Malhotra was certainly foolish to have posted that tweet, but his actions shouldn’t come as a surprise, for the film industry he is a part of, is infamously insensitive to social issues. He was one of the stars who came under criticism for performing at Saifai Mahotsav, a high-profile cultural programme organised by the Uttar Pradesh Chief Minister Akhilesh Yadav in 2014. The event happened at a time when the victims of Muzaffarnagar riot were reported to be living under dismal conditions in rehabilitation camps.
It was in the same breath that Twinkle Khanna, former actress, star-wife and a celebrity author, tweeted the photograph of a man taking a dump on a Mumbai beach, with the caption, “Good morning and I guess here is the first scene of Toilet Ek Prem Katha part 2 “, a nod to her husband’s latest release, Toilet: Ek Prem Katha.
Ajay Sharma of Arre rightly posed a question in his piece: “How could this man simply be pooping on her beach? Especially since her husband had just eradicated the problem of open defecation in his own million-dollar movie?” Khanna’s tweet seems to have stemmed from a lack of concern for the millions of urban poor who live in Mumbai’s crammed slums where a built-in toilet is considered a privilege.
Marketing films is a giant department that continues to grow taller and wider. From a modest age when there were just movie posters or pamphlets, we now have teasers, trailers, motion posters, teasers of trailers, song teasers and more. In the age of social media, stars have taken upon themselves the responsibility of luring and herding the audiences into the theatres to watch their films. The male stars on whom the big-budget projects often ride, are all over the place when the film is due for release.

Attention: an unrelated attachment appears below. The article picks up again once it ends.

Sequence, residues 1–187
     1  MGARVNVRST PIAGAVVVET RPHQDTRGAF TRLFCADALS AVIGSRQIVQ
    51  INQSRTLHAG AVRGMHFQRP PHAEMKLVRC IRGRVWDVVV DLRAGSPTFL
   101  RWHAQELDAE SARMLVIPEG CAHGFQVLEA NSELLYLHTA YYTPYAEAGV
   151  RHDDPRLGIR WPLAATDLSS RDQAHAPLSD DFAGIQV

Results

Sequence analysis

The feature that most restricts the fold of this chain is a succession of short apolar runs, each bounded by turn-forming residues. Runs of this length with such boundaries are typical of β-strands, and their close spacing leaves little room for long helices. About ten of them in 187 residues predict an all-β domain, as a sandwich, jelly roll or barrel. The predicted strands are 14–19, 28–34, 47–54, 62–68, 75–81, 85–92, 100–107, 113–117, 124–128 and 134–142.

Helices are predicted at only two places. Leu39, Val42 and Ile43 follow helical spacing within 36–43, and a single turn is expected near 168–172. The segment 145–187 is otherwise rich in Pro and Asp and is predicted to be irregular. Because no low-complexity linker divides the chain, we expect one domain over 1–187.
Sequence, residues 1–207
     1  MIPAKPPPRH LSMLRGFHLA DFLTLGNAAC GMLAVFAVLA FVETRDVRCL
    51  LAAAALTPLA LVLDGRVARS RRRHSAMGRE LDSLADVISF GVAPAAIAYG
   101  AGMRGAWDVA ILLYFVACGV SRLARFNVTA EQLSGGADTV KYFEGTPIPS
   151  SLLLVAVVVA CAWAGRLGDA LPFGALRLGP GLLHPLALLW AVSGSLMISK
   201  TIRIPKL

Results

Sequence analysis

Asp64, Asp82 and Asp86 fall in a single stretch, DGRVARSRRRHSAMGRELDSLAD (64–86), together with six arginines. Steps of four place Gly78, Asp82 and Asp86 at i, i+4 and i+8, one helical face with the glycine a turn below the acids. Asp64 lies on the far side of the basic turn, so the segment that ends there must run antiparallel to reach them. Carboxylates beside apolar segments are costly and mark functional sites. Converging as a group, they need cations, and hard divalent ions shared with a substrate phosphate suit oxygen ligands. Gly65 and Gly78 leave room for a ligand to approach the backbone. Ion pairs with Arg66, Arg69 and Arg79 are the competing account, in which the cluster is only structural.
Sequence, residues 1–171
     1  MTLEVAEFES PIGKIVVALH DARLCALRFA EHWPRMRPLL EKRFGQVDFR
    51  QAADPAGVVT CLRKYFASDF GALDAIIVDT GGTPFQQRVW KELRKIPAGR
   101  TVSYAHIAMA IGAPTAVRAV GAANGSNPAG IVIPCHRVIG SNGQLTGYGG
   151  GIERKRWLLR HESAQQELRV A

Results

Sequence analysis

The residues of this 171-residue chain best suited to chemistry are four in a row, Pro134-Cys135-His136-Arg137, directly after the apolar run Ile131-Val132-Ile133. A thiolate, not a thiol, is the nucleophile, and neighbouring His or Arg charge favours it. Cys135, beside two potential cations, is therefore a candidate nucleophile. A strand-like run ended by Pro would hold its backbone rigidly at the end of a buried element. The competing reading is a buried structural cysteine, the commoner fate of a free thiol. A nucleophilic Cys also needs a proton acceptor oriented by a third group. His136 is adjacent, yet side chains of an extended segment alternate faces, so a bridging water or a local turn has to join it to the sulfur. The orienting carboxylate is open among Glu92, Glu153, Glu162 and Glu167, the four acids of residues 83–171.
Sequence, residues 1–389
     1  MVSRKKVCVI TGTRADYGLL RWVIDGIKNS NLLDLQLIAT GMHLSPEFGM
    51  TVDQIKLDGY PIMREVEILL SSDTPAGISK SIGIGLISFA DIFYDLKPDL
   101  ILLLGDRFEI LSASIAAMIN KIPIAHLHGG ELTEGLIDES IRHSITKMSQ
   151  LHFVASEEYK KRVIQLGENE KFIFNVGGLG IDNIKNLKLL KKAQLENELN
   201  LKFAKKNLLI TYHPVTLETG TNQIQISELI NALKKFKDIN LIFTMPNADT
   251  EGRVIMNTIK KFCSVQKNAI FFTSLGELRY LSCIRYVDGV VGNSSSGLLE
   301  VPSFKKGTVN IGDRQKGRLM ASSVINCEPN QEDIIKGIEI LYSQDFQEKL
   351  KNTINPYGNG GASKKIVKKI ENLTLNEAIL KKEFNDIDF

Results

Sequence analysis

Hritik Roshan tagged his Bollywood friends and organised a video challenge ahead of the release of his Bang Bang, and the makers of Prem Ratan Dhan Payo launched a series of videos of Bollywood stars shaking a leg to the title song of the film. Shortly before the first look of Jab Harry Met Sejal was released, Shah Rukh Khan and Anushka Sharma, the lead stars of the film, indulged in a buddy chat on Twitter, discussing the film’s title. Stars like Alia Bhatt joined the fun conversation, and names like Ranbir Kapoor were slyly mentioned, creating a rosy picture of Bollywood. The camaraderie between the stars that the Twitter chat projected, garnered way more attention than the film when it was finally released in August 2017. All India Bakchod, in a funny video, took a dig at this Bollywood camaraderie. “We will ask Arjun to post a video challenge on Twitter, and tag Alia and Sraddha. That way, everyone will think Bollywood is full of BFFs,” says one of the comedians in the video.